Phase-field modeling of piezoelectrics and instabilities in dielectric elastomer composites



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Ferroelectric ceramics are broadly used in applications including actuators, sensors and information storage. An understanding of the microstructual evolution and domain dynamics is vital for predicting the performance and reliability of such devices.
The underlying mechanism responsible for ferroelectric constitutive response is ferroelectric domain wall motion, domain switching and the interactions of domain walls with other material defects.

In this work, a combined theoretical and numerical modeling framework is developed to investigate the nucleation and growth of domains in a single crystal of ferroelectric material. The phase-field approach, applying the material electrical polarization as the order parameter, is used as the theoretical modeling framework to allow for a detailed accounting of the electromechanical processes. The finite element method is used for the numerical solution technique. In order to obtain a better understanding of the energetics of fracture within the phase-field setting, the J-integral is modified to include the energies associated with the order parameter. Also, the J- integral is applied to determine the crack-tip energy release rate for common sets of electromechanical crack-face boundary conditions. The calculations confirm that only true equilibrium states exhibit path-independence of J, and that domain structures near crack tips may be responsible for allowing positive energy release rate during purely electrical loading.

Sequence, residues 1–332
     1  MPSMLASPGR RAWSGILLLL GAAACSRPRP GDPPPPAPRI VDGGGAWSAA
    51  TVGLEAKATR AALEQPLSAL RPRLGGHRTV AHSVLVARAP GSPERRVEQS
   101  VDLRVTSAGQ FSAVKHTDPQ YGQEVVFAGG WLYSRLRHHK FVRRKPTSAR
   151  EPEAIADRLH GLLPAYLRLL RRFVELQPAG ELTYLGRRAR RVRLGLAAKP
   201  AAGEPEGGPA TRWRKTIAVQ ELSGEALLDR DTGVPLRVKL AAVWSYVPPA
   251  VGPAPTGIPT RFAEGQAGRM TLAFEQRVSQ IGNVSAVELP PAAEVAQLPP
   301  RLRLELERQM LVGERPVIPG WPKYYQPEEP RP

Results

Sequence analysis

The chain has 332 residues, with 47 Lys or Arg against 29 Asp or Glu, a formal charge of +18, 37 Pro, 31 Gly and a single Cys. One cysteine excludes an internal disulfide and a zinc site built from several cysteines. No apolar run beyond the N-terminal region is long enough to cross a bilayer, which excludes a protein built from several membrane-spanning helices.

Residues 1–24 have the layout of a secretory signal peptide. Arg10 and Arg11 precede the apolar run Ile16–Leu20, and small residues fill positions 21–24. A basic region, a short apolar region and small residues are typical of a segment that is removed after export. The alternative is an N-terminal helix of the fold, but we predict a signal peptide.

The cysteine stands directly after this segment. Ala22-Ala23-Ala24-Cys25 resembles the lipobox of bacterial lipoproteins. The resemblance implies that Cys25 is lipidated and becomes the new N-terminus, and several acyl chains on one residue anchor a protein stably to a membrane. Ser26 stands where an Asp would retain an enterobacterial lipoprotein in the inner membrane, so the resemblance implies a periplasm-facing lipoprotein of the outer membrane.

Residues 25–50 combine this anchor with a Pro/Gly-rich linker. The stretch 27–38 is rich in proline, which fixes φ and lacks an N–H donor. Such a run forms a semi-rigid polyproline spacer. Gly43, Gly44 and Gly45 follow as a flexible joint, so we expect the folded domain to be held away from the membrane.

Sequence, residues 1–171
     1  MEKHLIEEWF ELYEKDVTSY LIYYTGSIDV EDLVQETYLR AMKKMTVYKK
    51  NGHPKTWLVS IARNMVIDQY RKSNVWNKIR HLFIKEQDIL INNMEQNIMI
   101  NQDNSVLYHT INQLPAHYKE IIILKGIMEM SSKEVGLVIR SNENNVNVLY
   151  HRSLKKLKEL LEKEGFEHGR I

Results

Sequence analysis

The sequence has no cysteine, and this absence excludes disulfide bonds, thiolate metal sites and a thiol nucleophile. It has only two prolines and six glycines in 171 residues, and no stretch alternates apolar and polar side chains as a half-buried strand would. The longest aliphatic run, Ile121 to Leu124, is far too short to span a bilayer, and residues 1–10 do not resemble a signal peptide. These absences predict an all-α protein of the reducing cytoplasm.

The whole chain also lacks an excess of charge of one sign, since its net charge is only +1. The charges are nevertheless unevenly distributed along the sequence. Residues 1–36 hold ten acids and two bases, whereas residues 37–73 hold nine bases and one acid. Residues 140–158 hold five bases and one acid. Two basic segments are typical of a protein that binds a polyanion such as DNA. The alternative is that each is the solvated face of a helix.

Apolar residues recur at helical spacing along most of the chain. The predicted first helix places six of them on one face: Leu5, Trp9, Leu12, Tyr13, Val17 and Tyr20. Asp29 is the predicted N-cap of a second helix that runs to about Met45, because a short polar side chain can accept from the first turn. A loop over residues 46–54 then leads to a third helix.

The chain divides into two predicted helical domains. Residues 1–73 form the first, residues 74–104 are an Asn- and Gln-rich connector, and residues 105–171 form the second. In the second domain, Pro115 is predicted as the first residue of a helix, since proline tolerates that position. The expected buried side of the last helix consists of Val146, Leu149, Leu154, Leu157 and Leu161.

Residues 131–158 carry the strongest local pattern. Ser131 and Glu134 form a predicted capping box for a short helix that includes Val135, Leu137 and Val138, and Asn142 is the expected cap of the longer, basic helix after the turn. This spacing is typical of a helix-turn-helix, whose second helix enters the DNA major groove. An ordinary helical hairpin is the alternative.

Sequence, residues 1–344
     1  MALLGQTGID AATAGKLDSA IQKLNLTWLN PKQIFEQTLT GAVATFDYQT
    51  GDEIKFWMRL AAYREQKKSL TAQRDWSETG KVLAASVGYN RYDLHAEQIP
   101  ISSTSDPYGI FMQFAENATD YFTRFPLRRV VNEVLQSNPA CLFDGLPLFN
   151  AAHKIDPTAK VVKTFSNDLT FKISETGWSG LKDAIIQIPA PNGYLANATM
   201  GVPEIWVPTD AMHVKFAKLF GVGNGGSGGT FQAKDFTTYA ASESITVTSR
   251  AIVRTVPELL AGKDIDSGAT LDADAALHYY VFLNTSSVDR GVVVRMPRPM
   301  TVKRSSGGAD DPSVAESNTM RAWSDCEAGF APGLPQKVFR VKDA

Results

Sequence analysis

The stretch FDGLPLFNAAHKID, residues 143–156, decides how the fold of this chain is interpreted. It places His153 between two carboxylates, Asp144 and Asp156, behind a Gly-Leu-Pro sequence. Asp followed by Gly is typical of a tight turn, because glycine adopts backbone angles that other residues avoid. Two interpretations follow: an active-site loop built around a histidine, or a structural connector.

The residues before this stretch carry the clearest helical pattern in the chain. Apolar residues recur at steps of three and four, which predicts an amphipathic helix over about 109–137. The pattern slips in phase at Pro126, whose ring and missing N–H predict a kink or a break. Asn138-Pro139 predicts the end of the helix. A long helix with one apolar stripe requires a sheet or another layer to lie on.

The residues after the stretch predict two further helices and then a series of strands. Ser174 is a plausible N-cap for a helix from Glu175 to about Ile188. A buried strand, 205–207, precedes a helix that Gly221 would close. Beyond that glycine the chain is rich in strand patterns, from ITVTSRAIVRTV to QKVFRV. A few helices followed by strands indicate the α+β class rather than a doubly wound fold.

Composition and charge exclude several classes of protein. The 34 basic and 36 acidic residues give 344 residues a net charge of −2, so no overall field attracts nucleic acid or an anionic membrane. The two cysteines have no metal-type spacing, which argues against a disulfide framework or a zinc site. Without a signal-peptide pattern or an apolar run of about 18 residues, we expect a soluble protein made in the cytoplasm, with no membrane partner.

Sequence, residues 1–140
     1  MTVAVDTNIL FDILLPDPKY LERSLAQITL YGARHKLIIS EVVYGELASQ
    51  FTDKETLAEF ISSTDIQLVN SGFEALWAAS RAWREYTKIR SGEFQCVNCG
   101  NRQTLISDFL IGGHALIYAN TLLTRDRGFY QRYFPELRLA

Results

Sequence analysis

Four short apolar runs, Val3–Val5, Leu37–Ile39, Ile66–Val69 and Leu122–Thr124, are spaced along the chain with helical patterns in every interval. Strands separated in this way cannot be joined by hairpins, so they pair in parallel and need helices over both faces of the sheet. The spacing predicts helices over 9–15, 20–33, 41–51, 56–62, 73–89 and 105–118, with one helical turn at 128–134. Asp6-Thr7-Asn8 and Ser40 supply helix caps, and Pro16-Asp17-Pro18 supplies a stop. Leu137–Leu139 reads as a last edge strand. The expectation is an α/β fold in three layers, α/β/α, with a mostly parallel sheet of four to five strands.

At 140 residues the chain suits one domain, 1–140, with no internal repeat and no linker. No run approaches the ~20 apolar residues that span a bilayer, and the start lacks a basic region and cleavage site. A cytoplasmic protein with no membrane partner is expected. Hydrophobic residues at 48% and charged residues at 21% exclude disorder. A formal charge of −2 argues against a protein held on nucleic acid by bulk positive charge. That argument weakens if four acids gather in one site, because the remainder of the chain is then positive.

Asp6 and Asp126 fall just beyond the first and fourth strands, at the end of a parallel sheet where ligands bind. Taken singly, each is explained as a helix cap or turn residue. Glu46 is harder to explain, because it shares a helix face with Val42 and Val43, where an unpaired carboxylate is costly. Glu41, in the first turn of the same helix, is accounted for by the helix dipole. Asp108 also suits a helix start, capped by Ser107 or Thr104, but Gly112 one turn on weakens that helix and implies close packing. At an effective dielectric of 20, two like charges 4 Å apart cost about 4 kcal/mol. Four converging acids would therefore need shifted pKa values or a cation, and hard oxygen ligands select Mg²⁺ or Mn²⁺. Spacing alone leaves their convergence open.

The small deformation assumption is prevalent in the phase-field modeling approach, and is used in the previously described calculations. The analysis of large deformations will introduce the concept of Maxwell stresses, which are assumed to be higher order effects that can be neglected in the small deformation theory. However, in order to investigate the material response of soft dielectric elastomers undergoing large mechanical deformation and electric field, which are employed in electrically driven actuator devices, manipulators and energy harvesters, a finite deformation theory is incorporated in the phase-field model. To describe the material free energy, compressible Neo-Hookean and Gent models are used. The Jaumann rate of the polarization is used as the objective polarization rate to make the description of the dissipation frame indifferent. To illustrate the theory, electromechanical instabilities in composite materials with different inclusions will be studied using the finite element methods.